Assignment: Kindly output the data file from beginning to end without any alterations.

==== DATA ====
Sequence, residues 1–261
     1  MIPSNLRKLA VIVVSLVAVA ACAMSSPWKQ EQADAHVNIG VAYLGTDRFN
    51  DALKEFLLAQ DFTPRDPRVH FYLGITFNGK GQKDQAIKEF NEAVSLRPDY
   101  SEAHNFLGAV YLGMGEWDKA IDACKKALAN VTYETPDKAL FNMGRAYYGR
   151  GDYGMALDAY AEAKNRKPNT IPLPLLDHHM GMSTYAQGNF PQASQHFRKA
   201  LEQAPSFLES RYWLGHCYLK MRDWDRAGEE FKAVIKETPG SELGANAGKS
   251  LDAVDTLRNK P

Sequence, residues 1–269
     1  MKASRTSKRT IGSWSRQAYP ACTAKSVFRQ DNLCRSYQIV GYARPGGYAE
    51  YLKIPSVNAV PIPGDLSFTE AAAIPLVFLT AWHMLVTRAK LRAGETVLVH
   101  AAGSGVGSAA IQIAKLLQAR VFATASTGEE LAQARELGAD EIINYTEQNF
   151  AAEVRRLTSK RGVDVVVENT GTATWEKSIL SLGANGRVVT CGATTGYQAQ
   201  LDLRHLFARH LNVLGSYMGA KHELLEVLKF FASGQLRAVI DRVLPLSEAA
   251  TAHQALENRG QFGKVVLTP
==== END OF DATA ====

Sequence, residues 1–261
     1  MIPSNLRKLA VIVVSLVAVA ACAMSSPWKQ EQADAHVNIG VAYLGTDRFN
    51  DALKEFLLAQ DFTPRDPRVH FYLGITFNGK GQKDQAIKEF NEAVSLRPDY
   101  SEAHNFLGAV YLGMGEWDKA IDACKKALAN VTYETPDKAL FNMGRAYYGR
   151  GDYGMALDAY AEAKNRKPNT IPLPLLDHHM GMSTYAQGNF PQASQHFRKA
   201  LEQAPSFLES RYWLGHCYLK MRDWDRAGEE FKAVIKETPG SELGANAGKS
   251  LDAVDTLRNK P

Sequence, residues 1–269
     1  MKASRTSKRT IGSWSRQAYP ACTAKSVFRQ DNLCRSYQIV GYARPGGYAE
    51  YLKIPSVNAV PIPGDLSFTE AAAIPLVFLT AWHMLVTRAK LRAGETVLVH
   101  AAGSGVGSAA IQIAKLLQAR VFATASTGEE LAQARELGAD EIINYTEQNF
   151  AAEVRRLTSK RGVDVVVENT GTATWEKSIL SLGANGRVVT CGATTGYQAQ
   201  LDLRHLFARH LNVLGSYMGA KHELLEVLKF FASGQLRAVI DRVLPLSEAA
   251  TAHQALENRG QFGKVVLTP